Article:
How to upgrade your Juju deployment from 2.9 to 3.x

See also: Juju 3.0 release notes, Upgrading things, How to upgrade a controller across minor or major versions

This document gives the steps for how to upgrade your Juju deployment from 2.9 to 3.x.

Contents:

  1. Ensure that your models are 2.9.37 or greater
  2. Ensure that your workload machines are Ubuntu focal or later
  3. Upgrade the client to 3.x
  4. Bootstrap a 3.x controller
  5. Clone your old controller configuration into the 3.x controller
  6. Help users connect to the 3.x controller
  7. Migrate your models to the 3.x controller
  8. Upgrade your models to match the agent version of the 3.x controller

Ensure that your models are 2.9.37 or greater

See also: How to upgrade a model

The only way to upgrade a 2.9 controller to 3.x is to bootstrap a new 3.x controller. This means that the only way to connect your 2.9 models to it is to migrate them to the 3.x controller. Now, the migration path is set such that your models must already be 2.9.37 or later. Thus, before you begin, make sure that your model is at least 2.9.37 by running the code below:

juju upgrade-model <model>

Ensure that your workload machines are Ubuntu focal or later

See also: Ubuntu Wiki | Releases

A 3.x controller no longer supports workload machines running on Windows or Ubuntu series older than focal. Before you begin your upgrade, make sure that all your existing machines comply, by removing any Windows machines or upgrading any Ubuntu machines to focal or later, and also that any new machines will comply as well, by making sure that the charms in your deployment support Ubuntu focal or later and, for all the applications deployed by them, setting the application base to Ubuntu focal or later.

If your charm doesn’t support Ubuntu focal or later, you will have to either
(a) provide a charm revision that does yourself or
(b) remove the charm from your deployment.

Make existing machines Ubuntu focal or later

See: How to upgrade the Ubuntu series of a machine

If you have any Windows machines, you must remove them. If you have machines running on Ubuntu bionic (18.04) or older, you must upgrade them:

# Ask juju to take the machine out of circulation, 
# in preparation for the upgrade:
juju upgrade-machine <machine number> prepare <target upgrade series>
# If you get an error that your charms don't support the target Ubuntu series, 
# you will have to either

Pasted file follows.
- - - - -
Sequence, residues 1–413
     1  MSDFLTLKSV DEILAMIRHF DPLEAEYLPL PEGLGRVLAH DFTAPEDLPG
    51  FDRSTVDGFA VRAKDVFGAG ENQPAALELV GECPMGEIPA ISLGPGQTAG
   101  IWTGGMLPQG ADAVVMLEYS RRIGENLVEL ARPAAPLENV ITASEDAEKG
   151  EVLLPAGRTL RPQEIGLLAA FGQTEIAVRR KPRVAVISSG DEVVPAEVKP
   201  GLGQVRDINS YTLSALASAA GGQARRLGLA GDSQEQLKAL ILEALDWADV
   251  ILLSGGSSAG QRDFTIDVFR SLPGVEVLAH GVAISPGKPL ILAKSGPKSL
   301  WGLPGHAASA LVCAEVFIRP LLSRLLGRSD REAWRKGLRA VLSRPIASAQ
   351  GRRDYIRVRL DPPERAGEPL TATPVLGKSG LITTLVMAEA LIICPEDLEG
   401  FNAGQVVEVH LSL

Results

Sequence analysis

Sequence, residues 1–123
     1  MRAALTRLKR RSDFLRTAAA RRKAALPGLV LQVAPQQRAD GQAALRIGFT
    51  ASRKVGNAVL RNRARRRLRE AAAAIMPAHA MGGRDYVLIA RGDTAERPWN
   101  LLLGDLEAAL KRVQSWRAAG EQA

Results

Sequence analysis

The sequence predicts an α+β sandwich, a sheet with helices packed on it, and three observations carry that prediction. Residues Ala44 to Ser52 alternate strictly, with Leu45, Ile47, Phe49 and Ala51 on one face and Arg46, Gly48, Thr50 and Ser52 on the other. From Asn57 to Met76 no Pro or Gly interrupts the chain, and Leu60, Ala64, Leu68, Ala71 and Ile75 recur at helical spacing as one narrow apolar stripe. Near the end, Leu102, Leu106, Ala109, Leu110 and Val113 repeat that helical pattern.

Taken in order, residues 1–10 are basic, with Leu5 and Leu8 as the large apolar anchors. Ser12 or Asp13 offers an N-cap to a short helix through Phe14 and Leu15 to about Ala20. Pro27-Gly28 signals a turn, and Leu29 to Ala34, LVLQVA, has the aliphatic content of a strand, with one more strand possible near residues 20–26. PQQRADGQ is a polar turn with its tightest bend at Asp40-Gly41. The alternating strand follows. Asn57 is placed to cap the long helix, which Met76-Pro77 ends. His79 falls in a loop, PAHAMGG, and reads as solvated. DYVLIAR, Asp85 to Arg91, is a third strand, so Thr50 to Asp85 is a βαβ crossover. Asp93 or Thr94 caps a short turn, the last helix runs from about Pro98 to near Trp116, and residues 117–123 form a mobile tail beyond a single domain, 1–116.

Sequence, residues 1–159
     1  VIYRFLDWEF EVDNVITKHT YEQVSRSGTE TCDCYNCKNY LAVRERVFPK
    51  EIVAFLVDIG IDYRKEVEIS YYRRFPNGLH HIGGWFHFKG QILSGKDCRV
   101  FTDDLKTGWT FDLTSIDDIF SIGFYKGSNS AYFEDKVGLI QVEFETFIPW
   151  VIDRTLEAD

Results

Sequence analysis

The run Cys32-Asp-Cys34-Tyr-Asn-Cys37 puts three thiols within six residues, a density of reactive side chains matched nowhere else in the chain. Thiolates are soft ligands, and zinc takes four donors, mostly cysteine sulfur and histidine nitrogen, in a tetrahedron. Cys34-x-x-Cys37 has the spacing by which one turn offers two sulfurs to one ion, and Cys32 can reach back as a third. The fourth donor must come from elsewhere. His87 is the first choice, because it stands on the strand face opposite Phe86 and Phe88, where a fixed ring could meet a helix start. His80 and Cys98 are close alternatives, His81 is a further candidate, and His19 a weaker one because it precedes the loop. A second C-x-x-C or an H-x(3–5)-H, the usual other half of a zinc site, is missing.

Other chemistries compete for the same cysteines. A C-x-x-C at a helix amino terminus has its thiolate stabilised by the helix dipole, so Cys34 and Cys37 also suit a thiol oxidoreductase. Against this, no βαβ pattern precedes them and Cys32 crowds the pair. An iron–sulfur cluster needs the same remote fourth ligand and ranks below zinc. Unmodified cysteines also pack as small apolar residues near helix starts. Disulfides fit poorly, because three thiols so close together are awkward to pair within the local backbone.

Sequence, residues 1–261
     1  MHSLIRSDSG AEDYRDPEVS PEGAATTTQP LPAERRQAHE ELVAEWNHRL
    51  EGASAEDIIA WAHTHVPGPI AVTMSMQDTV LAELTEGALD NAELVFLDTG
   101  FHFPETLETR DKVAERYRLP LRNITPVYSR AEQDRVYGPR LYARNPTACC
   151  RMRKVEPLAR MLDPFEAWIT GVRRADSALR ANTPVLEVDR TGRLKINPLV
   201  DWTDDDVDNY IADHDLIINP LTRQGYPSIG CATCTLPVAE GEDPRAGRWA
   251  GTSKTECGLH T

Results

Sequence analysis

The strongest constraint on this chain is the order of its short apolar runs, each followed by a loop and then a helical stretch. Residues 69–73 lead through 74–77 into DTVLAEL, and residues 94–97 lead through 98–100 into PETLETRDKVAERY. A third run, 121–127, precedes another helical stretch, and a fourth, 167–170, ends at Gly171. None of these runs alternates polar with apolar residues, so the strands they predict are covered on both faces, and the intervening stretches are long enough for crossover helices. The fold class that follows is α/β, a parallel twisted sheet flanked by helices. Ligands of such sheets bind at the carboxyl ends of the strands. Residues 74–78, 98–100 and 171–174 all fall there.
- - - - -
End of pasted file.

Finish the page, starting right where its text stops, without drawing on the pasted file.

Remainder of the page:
# (a) provide a charm revision that does yourself or 
# (b) remove the charm from your deployment.

# SSH into the machine:
juju ssh <machine number>

# Initiate system upgrade:
do-release-upgrade
# Stand by as you'll have to confirm ('y' or ENTER) various steps.

# Ask juju to put the machine back in circulation as the upgrade is complete:
juju upgrade-machine <machine number> complete 

Make new machines Ubuntu focal or later

See also: How to upgrade an application’s charm

For each application in your deployment, refresh its charm to the latest revision and check if it supports Ubuntu focal or later, then set the application base to Ubuntu focal or later.

# Upgrade the charm to the latest revision, to get the latest supported bases:
juju refresh <charm>

# Check the supported bases:
juju info <charm>
# The supported bases are listed under `supports`.
# If your charm doesn't support Ubuntu focal or later, you will have to either
# (a) provide a charm revision that does yourself or 
# (b) remove the charm from your deployment.

# Set the base of applications deployed from this charm to one of the supported bases:
juju set-application base <charm> <base>
# Formerly, 'juju set-series'.

Upgrade the client to 3.x

See: How to upgrade juju

To bootstrap a 3.x controller, you will need a 3.x client. To upgrade your client to 3.x, do:

snap refresh juju --channel 3.0/stable

While you need a 3.x client to bootstrap a 3.x controller, you can technically continue to manage a 3.x controller with a 2.9 client, at least until Juju release 3.1. On Linux, you can do that via parallel snap installs:
(a) enable the experimental parallel-install feature: sudo snap set system experimental.parallel-instances=true;